Pune: Two leopard cubs have been rescued from the sugarcane fields of Pune’s Junnar area.
Farmers of Vadgaon Anand village on Monday stumbled upon a lone leopard cub while harvesting their crops. On receiving an alert message, the Forest Department and the Wildlife SOS team swung into action and rescued the cub.
The Wildlife SOS rescue team, led by senior veterinarian Dr Ajay Deshmukh, was already en-route to the location when he received a call about a similar situation in Golegaon, another village in Junnar.
The team quickly split into two midway and went ahead to carry out both the rescue operations simultaneously.
Bapu Yele, Range Forest Officer (Ottur), said, “The Wildlife SOS team is extremely cooperative and has always responded timely to each call of rescue. The Forest Department and the Wildlife SOS team have carried out many such rescue and reunion operations in the region.”
On medical examinations, both leopard cubs were found healthy and ready to be reunited with their mothers.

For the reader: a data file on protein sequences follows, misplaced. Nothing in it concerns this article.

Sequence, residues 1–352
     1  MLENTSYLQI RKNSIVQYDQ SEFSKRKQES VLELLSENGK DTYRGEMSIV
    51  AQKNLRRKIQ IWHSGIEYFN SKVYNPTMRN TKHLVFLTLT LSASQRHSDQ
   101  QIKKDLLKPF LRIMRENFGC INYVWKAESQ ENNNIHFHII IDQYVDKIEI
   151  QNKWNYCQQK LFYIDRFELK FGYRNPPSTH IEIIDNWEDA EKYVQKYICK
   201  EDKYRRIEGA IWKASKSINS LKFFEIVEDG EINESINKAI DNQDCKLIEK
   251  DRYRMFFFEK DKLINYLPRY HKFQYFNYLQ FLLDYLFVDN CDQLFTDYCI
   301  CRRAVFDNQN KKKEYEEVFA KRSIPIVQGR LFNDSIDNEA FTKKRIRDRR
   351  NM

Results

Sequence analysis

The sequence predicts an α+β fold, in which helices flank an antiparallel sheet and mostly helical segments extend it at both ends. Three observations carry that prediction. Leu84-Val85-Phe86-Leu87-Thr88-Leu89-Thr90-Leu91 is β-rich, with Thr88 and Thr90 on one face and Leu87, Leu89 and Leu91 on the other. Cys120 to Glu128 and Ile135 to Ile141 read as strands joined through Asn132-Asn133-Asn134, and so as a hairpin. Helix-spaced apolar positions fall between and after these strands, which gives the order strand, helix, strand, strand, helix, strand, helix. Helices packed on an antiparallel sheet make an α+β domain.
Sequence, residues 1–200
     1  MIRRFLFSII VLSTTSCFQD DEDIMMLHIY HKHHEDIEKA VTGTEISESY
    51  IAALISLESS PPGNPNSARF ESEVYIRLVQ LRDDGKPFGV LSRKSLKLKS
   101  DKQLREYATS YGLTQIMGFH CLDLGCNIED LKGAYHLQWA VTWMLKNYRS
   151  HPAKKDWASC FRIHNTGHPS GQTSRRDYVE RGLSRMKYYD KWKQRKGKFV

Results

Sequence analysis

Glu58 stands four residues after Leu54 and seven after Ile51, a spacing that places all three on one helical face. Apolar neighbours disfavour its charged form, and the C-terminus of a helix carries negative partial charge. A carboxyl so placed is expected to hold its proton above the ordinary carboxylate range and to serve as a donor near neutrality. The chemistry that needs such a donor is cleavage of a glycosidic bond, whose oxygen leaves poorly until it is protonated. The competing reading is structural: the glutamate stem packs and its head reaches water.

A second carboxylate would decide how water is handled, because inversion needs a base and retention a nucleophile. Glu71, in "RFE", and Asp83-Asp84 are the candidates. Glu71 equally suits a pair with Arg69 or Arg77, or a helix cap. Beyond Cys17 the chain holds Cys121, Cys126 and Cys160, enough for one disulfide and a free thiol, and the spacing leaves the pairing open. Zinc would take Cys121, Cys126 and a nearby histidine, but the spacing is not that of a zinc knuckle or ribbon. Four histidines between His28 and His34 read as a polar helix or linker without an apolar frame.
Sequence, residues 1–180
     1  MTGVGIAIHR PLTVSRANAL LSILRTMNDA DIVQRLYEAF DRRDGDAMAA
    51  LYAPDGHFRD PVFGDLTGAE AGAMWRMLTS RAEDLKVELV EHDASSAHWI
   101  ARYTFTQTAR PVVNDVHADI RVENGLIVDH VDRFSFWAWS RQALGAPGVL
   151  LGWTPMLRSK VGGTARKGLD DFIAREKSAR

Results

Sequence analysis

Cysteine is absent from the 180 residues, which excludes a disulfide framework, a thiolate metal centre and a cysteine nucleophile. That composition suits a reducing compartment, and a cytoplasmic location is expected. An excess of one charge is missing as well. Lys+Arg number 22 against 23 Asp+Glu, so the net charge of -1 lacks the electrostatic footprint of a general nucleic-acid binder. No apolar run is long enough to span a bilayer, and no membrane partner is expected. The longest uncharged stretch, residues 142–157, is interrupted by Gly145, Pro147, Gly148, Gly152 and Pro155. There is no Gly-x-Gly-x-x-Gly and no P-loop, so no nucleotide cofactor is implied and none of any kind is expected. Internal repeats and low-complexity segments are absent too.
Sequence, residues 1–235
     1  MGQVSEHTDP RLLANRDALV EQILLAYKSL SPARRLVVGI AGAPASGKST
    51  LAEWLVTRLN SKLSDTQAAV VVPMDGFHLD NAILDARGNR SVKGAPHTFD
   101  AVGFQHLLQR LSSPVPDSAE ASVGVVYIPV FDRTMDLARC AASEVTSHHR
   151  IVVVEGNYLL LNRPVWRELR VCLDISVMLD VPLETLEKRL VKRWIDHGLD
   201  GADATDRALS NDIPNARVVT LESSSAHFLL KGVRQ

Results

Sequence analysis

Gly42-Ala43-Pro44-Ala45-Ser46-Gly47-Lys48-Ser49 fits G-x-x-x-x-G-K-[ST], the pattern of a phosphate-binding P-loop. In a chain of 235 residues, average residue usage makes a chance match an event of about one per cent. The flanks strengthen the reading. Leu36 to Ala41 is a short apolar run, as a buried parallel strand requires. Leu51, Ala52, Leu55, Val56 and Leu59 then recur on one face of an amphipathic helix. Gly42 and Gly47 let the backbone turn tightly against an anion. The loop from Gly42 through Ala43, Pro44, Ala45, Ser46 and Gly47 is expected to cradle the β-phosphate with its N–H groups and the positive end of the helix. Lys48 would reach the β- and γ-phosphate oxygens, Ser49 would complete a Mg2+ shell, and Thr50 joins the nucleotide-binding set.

Dr Ajay Deshmukh, Senior Veterinarian at the Manikdoh Leopard Rescue Centre said, “Both the leopard cubs were males. The one from Vadgaon Anand village was approximately 10-week-old, whereas the other one was about 13-week-old. Such reunions are of great importance because female leopards can turn aggressive and pose an immediate threat to humans if they are unable to locate their cubs.”
After the medical examination, the cubs were carefully placed inside safe boxes, close to where they were found. The Wildlife SOS team installed remote-controlled camera traps to monitor and document the reunion of cubs with their mothers.
Kartick Satyanarayan, Co-founder and CEO of Wildlife SOS said, “Wildlife SOS often receives calls for lost leopard cub sightings during the pre-harvest and harvest season.
The dense sugarcane fields foster a suitable shelter for the leopards to breed in and nurture their cubs. Our team aims to work closely with the forest department to raise awareness among the villagers to promote a positive attitude towards leopards and endorse a feeling of co-existence.”